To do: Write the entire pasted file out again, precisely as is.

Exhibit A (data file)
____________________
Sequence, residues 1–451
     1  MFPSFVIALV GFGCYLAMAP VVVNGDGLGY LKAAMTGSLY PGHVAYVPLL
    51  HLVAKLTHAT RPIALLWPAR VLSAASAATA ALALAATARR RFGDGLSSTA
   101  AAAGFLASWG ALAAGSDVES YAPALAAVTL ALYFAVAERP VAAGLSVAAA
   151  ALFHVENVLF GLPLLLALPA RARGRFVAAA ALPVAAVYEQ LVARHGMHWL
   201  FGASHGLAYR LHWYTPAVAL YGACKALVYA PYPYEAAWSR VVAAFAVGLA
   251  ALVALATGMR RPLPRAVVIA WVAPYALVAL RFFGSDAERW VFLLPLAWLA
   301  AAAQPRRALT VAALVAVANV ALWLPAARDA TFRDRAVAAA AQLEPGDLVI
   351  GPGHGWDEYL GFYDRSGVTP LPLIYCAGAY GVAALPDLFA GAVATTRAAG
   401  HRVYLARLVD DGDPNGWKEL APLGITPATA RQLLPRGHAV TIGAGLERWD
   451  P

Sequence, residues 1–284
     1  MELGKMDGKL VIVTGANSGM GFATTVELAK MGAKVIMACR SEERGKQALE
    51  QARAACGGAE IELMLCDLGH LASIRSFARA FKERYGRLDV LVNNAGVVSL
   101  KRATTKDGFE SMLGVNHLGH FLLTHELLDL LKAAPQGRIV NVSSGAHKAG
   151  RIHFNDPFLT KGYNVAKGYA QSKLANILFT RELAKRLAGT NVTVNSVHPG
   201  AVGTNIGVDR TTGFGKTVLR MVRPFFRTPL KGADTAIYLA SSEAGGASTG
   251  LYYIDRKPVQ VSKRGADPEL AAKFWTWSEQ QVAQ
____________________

Sequence, residues 1–451
     1  MFPSFVIALV GFGCYLAMAP VVVNGDGLGY LKAAMTGSLY PGHVAYVPLL
    51  HLVAKLTHAT RPIALLWPAR VLSAASAATA ALALAATARR RFGDGLSSTA
   101  AAAGFLASWG ALAAGSDVES YAPALAAVTL ALYFAVAERP VAAGLSVAAA
   151  ALFHVENVLF GLPLLLALPA RARGRFVAAA ALPVAAVYEQ LVARHGMHWL
   201  FGASHGLAYR LHWYTPAVAL YGACKALVYA PYPYEAAWSR VVAAFAVGLA
   251  ALVALATGMR RPLPRAVVIA WVAPYALVAL RFFGSDAERW VFLLPLAWLA
   301  AAAQPRRALT VAALVAVANV ALWLPAARDA TFRDRAVAAA AQLEPGDLVI
   351  GPGHGWDEYL GFYDRSGVTP LPLIYCAGAY GVAALPDLFA GAVATTRAAG
   401  HRVYLARLVD DGDPNGWKEL APLGITPATA RQLLPRGHAV TIGAGLERWD
   451  P

Sequence, residues 1–284
     1  MELGKMDGKL VIVTGANSGM GFATTVELAK MGAKVIMACR SEERGKQALE
    51  QARAACGGAE IELMLCDLGH LASIRSFARA FKERYGRLDV LVNNAGVVSL
   101  KRATTKDGFE SMLGVNHLGH FLLTHELLDL LKAAPQGRIV NVSSGAHKAG
   151  RIHFNDPFLT KGYNVAKGYA QSKLANILFT RELAKRLAGT NVTVNSVHPG
   201  AVGTNIGVDR TTGFGKTVLR MVRPFFRTPL KGADTAIYLA SSEAGGASTG
   251  LYYIDRKPVQ VSKRGADPEL AAKFWTWSEQ QVAQ